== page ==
Earlier in 2019, there was widespread upset over the news that the popular region and builds of Chouchou in Second Life might be closing down and vanishing (see: A Farewell to Chouchou?). At the time of the news I noted:
Designed by Japanese pianist Arabesque Choche and vocalist Juliet Heberle, who together form the successful musical duet of Chouchou, the regions are among some of the longest running, unchanged private island environments to be found in Second Life, and are an absolute delight for all who encounter them. I made my first visit in 2012 (see Chouchou: blending music and art in SL), and have been back many times since, being particularly drawn to the sky build of Memento Mori (located on Chouchou V), a quite remarkable cathedral.
As the news of the possible closure spread, I was one of a number of people who reached out to both Chouchou and Linden Lab in an attempt to bring the two together so that the regions might be saved under the Lab’s Second Life Region Preservation Society (SLRPS). For a time, it appeared this might not be achieved, but in October 2019, Chouchou announced that an agreement had been reached that would indeed see the regions continue to exist as a part of the SLRPS programme (see: Chouchou set to remain in Second Life – and there’s more).
I raise this for two reasons. The first is, as noted in Chouchou set to remain in Second Life – and there’s more, the preservation will see the return of The Babel – of which more below. The second is that – more particularly on December 13th, 2019 Chouchou will be releasing their third concept album, and it is one that has something of a special appeal for me, inspired as it is by the theme of space travel.
Theme03: Hello Astronauts offers everything that is quintessentially Chouchou. It follows the first of their “experimental” series of recordings released in October 2019, and which has another space theme: Oort.
For the last week, Chouchou have made three of the tracks from Hello Astronauts – Voyager, Hyper-euphoria, and Lovers – available for download in advance of the release, together with a series of teasers available for You Tube, including and extended teaser for Voyager, which I’ve embedded below.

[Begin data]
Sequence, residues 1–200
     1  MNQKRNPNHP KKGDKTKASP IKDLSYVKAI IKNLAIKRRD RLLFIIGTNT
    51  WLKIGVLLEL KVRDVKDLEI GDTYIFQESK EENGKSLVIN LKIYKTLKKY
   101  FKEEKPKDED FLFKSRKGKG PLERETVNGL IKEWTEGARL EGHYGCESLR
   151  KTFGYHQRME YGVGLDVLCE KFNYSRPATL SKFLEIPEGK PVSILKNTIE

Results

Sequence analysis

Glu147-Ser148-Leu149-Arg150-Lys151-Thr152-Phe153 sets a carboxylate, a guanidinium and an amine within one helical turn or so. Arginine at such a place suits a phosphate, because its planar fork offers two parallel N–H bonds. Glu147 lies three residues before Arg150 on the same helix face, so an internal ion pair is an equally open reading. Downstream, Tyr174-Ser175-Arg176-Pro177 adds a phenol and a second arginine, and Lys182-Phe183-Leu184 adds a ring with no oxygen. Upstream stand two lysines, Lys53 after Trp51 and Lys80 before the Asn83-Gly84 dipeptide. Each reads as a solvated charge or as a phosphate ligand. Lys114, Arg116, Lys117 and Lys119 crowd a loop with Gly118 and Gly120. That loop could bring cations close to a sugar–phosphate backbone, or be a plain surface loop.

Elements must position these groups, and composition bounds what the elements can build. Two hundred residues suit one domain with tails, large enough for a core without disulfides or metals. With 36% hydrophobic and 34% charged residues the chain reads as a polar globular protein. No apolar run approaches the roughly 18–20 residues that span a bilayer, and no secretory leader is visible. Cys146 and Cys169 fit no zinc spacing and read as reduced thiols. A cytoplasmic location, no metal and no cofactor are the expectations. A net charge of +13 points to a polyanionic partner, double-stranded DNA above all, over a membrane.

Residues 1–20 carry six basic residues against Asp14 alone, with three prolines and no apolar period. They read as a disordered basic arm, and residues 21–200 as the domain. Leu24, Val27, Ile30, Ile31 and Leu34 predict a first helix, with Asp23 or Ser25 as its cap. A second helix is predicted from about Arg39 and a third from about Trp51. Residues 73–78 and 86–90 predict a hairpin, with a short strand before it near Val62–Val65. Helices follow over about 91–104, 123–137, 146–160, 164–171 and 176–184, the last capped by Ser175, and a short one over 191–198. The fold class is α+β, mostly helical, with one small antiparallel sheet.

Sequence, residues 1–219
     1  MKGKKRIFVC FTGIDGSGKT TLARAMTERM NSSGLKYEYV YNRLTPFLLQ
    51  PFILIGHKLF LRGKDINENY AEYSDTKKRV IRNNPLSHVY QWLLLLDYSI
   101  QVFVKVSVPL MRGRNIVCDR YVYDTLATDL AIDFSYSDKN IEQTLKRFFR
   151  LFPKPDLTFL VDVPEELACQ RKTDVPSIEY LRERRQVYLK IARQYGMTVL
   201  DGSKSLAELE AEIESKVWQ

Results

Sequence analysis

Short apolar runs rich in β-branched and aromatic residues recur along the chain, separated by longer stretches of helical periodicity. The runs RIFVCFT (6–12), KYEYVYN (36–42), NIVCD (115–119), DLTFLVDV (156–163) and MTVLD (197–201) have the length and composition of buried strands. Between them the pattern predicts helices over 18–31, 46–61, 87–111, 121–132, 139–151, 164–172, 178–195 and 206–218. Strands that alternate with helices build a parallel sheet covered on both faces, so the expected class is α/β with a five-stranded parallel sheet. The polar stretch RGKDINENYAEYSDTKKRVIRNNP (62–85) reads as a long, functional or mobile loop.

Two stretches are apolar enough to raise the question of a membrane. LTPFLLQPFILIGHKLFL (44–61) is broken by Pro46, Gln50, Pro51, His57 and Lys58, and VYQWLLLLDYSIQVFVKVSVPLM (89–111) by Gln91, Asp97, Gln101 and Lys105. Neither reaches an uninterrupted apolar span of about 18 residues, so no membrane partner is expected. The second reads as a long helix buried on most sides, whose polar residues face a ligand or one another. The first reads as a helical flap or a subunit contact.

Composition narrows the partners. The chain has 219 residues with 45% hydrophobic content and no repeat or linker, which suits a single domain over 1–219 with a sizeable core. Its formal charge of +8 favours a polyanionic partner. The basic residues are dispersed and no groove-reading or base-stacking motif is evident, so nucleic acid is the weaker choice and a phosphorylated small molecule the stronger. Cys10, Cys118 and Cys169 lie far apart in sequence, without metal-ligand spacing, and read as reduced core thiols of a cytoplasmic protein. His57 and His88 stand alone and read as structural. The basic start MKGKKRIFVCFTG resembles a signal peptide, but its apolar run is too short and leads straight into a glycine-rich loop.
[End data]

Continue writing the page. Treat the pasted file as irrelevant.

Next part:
Hello Astronauts is available for pre-order via Bandcamp and iTunes – both of which include the ability to download the three tracks mentioned above in advance, and will also be available on the Japanese music site Fans’ Music following the album’s release. So if you’re looking for music that is ideal listening no matter what your tastes, and which carries with it an echo of Second Life – why not have a listen?
While it has yet to open to the public once more, The Babel presents a musical construct of boxes, elements and levels. Each box is a sound – an instrumental or vocal note or chord – which is played when touched. Some will play once when touched, others work on a toggle – they will play until touched again. These boxes are arranged in musical elements, with the lowermost boxes in an element representing bass notes or chords, and the boxes above containing percussion or melody elements. By touching the boxes in an element you can create various harmonies. It’s a place I last visited shortly before it was first retired from Second Life in (if I recall correctly) 2013; as such it is a place I’m looking forward to revisiting once it re-opens to the public.
In the meantime, the existing Chouchou regions remain open to visitors, and you can find out more about Chouchou’s music and all of their albums on their website.